Founder-led selling at early-stage B2B startups is quite different than say ‘professional selling’ in the IT industry. I gave this talk in 2016 to highlight entrepreneurial skills that can help land the first few customers. Starting with PoCs and pilots, entrepreneurs can work their way towards a first commercial deal with a large company.



I spent a fair amount of time persuading founders that they are already good at ‘sales’ even though they themselves may not realize this. After all, they convinced their spouses, friends, angel investors, early employees, families, etc. to join them on their entrepreneurial journey! I then discussed what B2B sales entail, how to build the BD team, and the importance of ‘sales readiness’. We explored how to use psychology to influence early customers and partners.

Entrepreneurial Skills: Selling B2B Technology Products

Selling to businesses is characterized by long sales cycles and multiple rounds of discussions. Founders can hack this process by understanding how and why purchase decisions are made. Features and pricing are rarely the main decision factors in B2B sales. Instead, relationships, trust, and confidence in the provision of maintenance and support may play a larger role.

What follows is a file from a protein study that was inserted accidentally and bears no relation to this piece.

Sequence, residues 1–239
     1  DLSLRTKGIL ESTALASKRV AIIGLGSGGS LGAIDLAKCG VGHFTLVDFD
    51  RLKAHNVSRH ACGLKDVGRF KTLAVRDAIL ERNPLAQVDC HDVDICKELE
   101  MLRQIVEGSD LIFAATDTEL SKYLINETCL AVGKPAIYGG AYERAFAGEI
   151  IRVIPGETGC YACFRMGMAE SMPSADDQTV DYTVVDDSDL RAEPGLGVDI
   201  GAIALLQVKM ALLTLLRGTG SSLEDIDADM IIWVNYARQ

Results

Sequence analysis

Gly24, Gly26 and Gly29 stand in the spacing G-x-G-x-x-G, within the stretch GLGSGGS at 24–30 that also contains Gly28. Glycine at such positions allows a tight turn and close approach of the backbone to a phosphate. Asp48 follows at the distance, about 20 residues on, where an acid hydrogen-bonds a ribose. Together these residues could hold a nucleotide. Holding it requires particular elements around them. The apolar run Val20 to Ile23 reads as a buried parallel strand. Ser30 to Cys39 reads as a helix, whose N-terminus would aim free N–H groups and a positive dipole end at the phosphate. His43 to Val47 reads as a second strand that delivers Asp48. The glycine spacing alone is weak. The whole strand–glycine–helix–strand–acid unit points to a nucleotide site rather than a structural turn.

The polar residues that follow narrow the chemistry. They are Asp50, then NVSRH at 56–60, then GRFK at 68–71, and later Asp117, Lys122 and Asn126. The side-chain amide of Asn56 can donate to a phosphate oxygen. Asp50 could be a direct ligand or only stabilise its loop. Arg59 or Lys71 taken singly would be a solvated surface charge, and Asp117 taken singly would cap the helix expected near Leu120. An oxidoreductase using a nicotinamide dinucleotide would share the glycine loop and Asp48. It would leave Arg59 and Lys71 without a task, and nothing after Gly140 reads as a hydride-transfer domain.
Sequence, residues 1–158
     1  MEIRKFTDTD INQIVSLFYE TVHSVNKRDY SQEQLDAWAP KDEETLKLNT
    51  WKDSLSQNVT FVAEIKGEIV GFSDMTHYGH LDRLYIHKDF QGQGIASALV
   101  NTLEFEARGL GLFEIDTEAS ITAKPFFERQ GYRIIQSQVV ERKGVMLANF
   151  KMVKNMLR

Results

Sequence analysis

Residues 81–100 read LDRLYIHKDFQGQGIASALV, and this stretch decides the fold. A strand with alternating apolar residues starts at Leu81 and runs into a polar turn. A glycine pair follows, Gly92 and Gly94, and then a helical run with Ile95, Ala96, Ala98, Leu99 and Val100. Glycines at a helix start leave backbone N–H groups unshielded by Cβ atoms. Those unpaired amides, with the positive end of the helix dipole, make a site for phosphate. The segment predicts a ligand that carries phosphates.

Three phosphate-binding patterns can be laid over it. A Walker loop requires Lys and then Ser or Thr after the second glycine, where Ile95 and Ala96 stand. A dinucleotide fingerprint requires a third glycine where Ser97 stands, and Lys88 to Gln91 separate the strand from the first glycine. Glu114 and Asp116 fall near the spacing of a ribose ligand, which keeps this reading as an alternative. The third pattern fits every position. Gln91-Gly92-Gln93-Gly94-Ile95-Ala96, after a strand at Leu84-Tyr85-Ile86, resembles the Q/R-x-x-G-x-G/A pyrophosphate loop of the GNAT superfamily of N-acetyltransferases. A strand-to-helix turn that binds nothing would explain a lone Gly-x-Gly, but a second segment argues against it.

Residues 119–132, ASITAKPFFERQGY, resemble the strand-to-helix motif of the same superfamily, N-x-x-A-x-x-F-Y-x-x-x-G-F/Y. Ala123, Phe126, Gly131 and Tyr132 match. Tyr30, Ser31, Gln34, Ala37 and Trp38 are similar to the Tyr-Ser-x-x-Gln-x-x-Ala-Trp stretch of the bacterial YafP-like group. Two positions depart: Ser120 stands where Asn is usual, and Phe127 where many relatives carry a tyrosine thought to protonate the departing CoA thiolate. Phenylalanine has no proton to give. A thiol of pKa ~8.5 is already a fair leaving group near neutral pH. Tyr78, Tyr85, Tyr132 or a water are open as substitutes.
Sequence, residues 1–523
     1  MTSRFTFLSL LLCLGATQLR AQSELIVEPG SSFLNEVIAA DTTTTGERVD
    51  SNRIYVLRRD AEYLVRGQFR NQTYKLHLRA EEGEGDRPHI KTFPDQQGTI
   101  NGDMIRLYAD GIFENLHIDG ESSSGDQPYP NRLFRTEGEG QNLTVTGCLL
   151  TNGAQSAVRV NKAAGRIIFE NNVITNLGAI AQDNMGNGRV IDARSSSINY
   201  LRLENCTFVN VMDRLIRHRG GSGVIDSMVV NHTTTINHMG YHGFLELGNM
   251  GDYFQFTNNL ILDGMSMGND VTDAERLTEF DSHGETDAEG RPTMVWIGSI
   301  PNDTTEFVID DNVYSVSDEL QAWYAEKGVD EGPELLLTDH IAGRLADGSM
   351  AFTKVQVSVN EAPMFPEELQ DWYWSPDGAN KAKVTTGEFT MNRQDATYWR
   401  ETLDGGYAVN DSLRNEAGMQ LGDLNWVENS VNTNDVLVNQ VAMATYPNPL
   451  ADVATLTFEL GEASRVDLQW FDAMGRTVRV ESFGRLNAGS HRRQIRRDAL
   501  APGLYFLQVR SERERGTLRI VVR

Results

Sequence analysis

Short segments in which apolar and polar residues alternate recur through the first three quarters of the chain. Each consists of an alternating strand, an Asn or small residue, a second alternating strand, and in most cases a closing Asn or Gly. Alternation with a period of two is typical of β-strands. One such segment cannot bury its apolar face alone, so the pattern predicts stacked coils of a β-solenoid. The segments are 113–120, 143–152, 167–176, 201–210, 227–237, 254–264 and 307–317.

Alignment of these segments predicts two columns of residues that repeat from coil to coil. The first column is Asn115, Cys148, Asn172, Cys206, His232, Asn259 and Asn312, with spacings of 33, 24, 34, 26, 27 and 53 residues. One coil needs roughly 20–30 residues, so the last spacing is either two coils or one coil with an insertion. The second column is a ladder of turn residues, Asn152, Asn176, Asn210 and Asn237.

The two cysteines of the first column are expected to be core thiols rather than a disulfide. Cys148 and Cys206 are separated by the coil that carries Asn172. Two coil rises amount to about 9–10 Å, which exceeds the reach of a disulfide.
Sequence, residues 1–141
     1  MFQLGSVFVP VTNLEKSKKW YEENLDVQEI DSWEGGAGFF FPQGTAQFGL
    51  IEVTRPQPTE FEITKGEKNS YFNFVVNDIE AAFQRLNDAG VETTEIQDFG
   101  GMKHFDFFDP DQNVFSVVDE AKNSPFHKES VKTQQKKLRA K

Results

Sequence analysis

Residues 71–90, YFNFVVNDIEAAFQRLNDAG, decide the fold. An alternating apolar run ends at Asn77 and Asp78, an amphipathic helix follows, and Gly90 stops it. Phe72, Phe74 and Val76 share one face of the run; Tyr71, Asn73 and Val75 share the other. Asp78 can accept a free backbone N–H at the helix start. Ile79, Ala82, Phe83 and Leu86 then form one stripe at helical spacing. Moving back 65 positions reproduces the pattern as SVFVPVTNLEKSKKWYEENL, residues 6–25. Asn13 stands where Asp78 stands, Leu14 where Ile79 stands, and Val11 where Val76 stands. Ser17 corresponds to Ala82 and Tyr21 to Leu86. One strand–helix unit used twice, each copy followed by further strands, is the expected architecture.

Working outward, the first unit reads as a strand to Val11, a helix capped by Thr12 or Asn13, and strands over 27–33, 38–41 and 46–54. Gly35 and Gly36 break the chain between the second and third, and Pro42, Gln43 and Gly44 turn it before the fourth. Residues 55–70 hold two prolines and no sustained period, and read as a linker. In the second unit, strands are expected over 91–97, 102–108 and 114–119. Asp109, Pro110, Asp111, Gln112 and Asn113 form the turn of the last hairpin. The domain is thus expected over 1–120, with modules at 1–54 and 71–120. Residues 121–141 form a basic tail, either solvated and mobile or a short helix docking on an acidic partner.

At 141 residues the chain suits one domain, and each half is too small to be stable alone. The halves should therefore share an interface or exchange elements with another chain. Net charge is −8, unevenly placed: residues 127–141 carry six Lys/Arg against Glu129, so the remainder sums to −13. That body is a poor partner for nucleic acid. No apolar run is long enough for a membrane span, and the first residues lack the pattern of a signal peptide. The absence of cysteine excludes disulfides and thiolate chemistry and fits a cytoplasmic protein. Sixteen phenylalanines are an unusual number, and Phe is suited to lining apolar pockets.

Successful Entrepreneurs

Entrepreneurial skills are a combination of art and science. The best means to gain them is through practice – the next best is to study successful founders. Thus, first-time entrepreneurs should take the time to learn about companies that have succeeded in their industry. Moreover, they should also evaluate the ones who failed and the factors that caused these failures. The ability to hustle and play the ‘numbers game’ is equally vital to entrepreneurial selling. Founders must become comfortable with hearing innumerable ‘no’s from potential customers before the first ‘yes’. Persistent follow-ups with customers and partners can mark the difference between a high-growth startup and a failed venture. Finally, entrepreneurs must consider regional and socio-cultural factors in business negotiations. Confrontational or direct approaches are better suited to some countries. On the other hand, collaborative ones stand a better chance in others.